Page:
Thursday, August 14 16:27:04
European stocks inched higher today, turning positive after Russian President Vladimir Putin made comments seen as conciliatory, though gains were limited by weak German and French economic data.
Data showed Germany's economy suffered a surprise contraction - its first in more than a year - in the three months to June, and France slashed its growth forecasts for this year and next after its economy failed to grow in the second quarter.
The pan-European FTSEurofirst 300 index was 0.2 percent higher at 1,328.24 points, adding to this week's tentative rebound.
The euro zone's blue-chip Euro STOXX 50 index was down 0.04 percent at 3,054.41 points. The index rose as much as 0.6 percent in afternoon trading, before hitting strong technical resistance at around 3,071 points, representing the 38.2 percent Fibonacci retracement of the index's recent two-week slide.
Speaking to Russian ministers and members of parliament in Crimea, Putin said Russia would stand up for itself but not at the cost of confrontation with the outside world. He also said Russia would do everything in its power to end the conflict in Ukraine as soon as possible.
Several traders said the market reacted positively to the comments.
European stocks have tumbled in the past few weeks, with the FTSEurofirst 300 losing as much as 7.4 percent between late June and last week while Germany's DAX dropped as much as 11 percent, knocked by fears of an escalation of the Ukrainian crisis and tensions between the West and Moscow.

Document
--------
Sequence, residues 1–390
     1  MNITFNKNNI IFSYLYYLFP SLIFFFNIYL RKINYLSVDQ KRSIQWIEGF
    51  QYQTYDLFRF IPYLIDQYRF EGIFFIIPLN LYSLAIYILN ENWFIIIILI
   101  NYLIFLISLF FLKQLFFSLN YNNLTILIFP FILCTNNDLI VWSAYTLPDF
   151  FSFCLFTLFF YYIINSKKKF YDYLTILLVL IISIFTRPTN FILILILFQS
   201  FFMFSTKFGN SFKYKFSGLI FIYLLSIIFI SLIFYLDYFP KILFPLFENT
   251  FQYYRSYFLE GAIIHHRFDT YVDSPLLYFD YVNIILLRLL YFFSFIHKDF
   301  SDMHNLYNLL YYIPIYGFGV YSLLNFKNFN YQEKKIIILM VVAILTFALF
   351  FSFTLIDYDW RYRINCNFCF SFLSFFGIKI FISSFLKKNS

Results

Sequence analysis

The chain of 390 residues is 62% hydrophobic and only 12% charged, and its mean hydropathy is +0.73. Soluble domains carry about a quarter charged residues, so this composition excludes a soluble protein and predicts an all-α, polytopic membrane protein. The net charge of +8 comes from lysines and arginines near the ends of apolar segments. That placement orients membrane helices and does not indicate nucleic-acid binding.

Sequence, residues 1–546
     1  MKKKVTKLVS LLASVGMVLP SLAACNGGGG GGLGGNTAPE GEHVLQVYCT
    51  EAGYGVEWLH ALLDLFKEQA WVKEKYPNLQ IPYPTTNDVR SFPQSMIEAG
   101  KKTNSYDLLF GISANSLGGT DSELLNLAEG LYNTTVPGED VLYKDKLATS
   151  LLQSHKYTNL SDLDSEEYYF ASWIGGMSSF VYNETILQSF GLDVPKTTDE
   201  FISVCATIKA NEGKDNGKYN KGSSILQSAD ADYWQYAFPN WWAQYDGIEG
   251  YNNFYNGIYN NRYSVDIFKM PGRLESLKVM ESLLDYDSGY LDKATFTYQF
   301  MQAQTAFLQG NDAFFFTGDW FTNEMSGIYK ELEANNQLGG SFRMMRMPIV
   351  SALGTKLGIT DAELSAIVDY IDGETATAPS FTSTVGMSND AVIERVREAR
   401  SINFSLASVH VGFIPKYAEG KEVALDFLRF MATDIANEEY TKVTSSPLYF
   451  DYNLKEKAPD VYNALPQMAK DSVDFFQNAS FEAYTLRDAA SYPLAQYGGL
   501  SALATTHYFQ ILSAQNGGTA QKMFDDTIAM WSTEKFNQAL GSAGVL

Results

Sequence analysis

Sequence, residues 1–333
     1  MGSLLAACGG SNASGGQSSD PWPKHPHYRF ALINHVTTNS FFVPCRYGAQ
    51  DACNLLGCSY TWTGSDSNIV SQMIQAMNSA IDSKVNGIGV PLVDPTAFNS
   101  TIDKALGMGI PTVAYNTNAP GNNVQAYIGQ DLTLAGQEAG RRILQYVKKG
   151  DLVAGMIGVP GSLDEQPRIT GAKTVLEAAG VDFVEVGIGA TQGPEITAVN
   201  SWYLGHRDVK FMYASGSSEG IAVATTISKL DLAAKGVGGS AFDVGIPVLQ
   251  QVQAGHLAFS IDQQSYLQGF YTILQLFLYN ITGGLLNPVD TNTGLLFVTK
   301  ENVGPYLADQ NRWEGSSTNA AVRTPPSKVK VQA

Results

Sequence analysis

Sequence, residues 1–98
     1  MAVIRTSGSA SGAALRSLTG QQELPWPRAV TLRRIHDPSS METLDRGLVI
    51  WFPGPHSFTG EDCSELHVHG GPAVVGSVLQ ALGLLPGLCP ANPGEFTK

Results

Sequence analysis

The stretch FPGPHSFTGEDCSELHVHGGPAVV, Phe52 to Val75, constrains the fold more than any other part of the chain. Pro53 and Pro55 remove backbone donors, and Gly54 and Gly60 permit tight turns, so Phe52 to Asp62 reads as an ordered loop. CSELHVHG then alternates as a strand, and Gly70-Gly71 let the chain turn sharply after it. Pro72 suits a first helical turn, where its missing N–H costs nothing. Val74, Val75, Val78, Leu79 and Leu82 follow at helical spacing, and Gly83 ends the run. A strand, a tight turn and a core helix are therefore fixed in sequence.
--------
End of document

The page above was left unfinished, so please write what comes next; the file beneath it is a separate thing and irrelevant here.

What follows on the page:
"The recent decline in the DAX looks a bit exaggerated, given that the nature of the current sanctions against Russia is not really having a major impact on German companies," said Peter Garnry, head of equity strategy, at Saxo Bank, in Copenhagen.
"For me, the recent plunge in European equities is a good opportunity to increase exposure to the region, and especially to German equities. Today's GDP figure for Germany is weak, but not alarming, and overall global growth is still expected to be around 3 percent this year, so things aren't that bad for equities."
Germany's weak GDP data pushed down German 10-year bond yields, which briefly traded below 1 percent for the first time ever, reflecting bets on fresh stimulus from the European Central Bank. (Reuters)
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